Stock–UAE National Jobs
Governments can unleash a pattern of upskilling and job creation, which is what economies need now as businesses still get through post-Covid resets. Image Credit: Supplied

Dubai: Governments could be leading the way in creating new jobs as they move towards digital economies in a post-Covid world. The ‘profound’ changes that businesses are going through as well as those in work patterns makes it more likely the governments will hold the baton on adding or creating jobs.

This would empower governments everywhere to ‘unleash the skills economy’, according to a report brought out by the World Government Summit Organization and the consultancy PwC’s Middle East operations. “Once the current skills gaps are closed, increased productivity will add at least $6.5 trillion to the global economy by 2030 – with more benefits expected as skilled workforce continues to innovate further,” the report notes.

The challenges in the interim remain formidable, though. For one, there was the loss of millions of jobs and the 8.8 per cent of total working hours’ erased around the world because of COVID-19 created changes. Not just that, “Through dual shifts – and towards a greener and more digital economy – estimates suggest that around 30 per cent of jobs are at significant risk of automation and this risk may be much higher in some countries."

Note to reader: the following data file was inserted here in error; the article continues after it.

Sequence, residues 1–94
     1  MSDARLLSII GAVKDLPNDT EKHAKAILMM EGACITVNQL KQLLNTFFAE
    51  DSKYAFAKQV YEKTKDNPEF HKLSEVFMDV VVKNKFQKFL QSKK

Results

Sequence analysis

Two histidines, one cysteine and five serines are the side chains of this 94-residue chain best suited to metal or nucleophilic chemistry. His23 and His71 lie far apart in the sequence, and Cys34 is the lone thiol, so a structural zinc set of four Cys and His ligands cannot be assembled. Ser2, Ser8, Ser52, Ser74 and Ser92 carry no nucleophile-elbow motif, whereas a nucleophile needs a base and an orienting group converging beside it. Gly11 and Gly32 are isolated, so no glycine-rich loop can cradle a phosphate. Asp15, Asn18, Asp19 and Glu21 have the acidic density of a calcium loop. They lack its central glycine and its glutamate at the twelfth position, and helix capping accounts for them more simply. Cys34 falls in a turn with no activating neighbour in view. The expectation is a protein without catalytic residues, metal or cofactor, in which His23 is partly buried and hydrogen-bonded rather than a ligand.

“The pandemic has brought about profound changes, whose effects are still evident in the global economy, as well as in the patterns and nature of work and concepts of creating economic value,” said Mohamed Yousef Al Sharhan, Deputy Managing Director of the World Government Summit Organization. “These effects have changed our perception of jobs and their role in securing supply chains and achieving food, health and technical security in societies.”


Total work hours lost worldwide during the pandemic phase

What the skills economy is about

This is about ensuring ‘people’s talents are used alongside technology to achieve more sustainable prosperity’, according to the report. “Skills must also be linked to good job opportunities through integrating skills development into broader development strategies (such as industrial development, local economic development, youth employment).” It adds.

"Countries that are quicker to develop their 'skills economy', one where people and technology complement each other to innovate, will have the competitive edge and will be able to create a stronger chance of achieving inclusive and sustainable development," said Randa Bahsoun, PwC M.E.'s Government and Public Sector Partner and Labor, Employment and Skills Leader. "Uniting governments behind skill-centric visions for the economy and embracing new ways of governing, whilst challenging, is certainly achievable."

Jobs and opportunities created by the green and digital twin transitions will require new skills, with people needing to adapt to working alongside digital technologies

- Randa Bahsoun of PwC M.E.